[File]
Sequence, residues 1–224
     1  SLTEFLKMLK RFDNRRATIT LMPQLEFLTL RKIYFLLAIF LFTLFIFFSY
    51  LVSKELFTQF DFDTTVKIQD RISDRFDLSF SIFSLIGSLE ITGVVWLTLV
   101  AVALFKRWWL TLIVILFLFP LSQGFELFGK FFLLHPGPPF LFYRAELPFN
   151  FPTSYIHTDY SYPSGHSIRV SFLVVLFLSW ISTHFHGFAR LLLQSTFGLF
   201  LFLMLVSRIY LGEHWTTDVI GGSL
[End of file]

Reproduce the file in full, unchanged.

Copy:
Sequence, residues 1–224
     1  SLTEFLKMLK RFDNRRATIT LMPQLEFLTL RKIYFLLAIF LFTLFIFFSY
    51  LVSKELFTQF DFDTTVKIQD RISDRFDLSF SIFSLIGSLE ITGVVWLTLV
   101  AVALFKRWWL TLIVILFLFP LSQGFELFGK FFLLHPGPPF LFYRAELPFN
   151  FPTSYIHTDY SYPSGHSIRV SFLVVLFLSW ISTHFHGFAR LLLQSTFGLF
   201  LFLMLVSRIY LGEHWTTDVI GGSL